Wednesday, December 2, 2009

Gazdig, Joan. The Kingdom of Hungary (‘Ten Arrows’ United Military Strength): the Beautiful Mistress.

Dorrance Publishing Co., Inc.. 2009. c.136p. illus.
ISBN 978-0-8059-7758-5. $21.00.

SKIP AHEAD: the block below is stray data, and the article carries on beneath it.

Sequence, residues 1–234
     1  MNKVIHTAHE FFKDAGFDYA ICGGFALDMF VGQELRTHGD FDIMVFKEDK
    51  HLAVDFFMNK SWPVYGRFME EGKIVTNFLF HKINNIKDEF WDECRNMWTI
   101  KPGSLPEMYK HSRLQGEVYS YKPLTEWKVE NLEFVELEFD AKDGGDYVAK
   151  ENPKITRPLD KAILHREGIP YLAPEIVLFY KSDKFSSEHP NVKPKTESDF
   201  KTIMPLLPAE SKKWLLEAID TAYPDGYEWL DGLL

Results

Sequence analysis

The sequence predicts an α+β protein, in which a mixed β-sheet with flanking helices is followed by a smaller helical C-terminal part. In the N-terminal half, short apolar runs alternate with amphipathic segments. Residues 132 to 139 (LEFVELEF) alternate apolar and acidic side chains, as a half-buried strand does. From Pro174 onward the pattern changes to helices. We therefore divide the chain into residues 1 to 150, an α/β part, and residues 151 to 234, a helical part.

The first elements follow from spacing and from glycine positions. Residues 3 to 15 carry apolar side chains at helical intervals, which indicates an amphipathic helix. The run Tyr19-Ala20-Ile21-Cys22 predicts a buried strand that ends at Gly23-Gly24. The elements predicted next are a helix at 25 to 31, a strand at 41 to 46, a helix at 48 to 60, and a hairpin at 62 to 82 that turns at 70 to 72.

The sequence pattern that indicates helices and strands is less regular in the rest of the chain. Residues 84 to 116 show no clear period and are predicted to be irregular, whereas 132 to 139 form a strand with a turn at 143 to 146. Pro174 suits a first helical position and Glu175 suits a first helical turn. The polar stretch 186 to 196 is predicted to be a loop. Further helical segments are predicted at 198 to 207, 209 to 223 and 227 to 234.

Generously- illustrated with many photographs and other reproductions (thirteen black-and-white and eighty-six color), this brief publication by Gazdig, a family genealogist, retired legal secretary, and Hungarian- North American, whose father, uncle, and their two cousins immigrated to “the new world,” (p. 2) provides an overview of Hungarian history and heritage. In fifty-one, very short chapters that average two pages in length, the author covers diverse subjects, not limited to her family’s ancestry, Hungarian history, Hungary’s kings and queens, soldiers, statesmen, liberators, famous buildings, monuments, composers, painters, wines, foods, customs, dogs, and more. While this book may serve as an introductory guide, it lacks the comprehensiveness and depth of coverage that are found in general reference resources. Also, the author uses her text as a means for arguing that Hungarian lands and cultural artifacts that were lost during and after various wars should be restored to the “kingdom” of Hungary, as it originally came to be established as early as 896 C.E.. Devoting the first three chapters of her publication to family matters, Gazdig sets forth how her family’s history fits into her approach. According to the author, her father, uncle, and their cousins immigrated when their land was dismembered by the signing of the Treaty of Trianon (June 4, 1920) in Paris after World War I. (p. 2) Gazdig prepared her text “out of respect” for her father and his desire to re-live his past and introduce his children to his ancestors as well as to “help others to re-live their heritage.” (pp. ix-x) Lacking scholarly documentation such as footnotes, an index, and a selected bibliography, but including a “Dates to Remember” timeline as well as excerpted addresses by statesmen and a message delivered by Pope John Paul II (b. May 18, 1920- d. April 2, 2005) to the Hungarian nation in August 2000, this book will best suit readers who may have some prior knowledge of Hungary, its cultures, heritage, history, peoples, and more. Sufficiently well- illustrated and thoughtfully- conceived, but not authoritative, it is recommended as an additional, supplementary resource for some large, public and special libraries serving the needs of immigrants, ethnic groups, genealogists, and others. Note: I received a complimentary copy of this book as a member of the Dorrance Publishing Book Review Team. Visit to learn how you can become a member of the Book Review Team. Availability: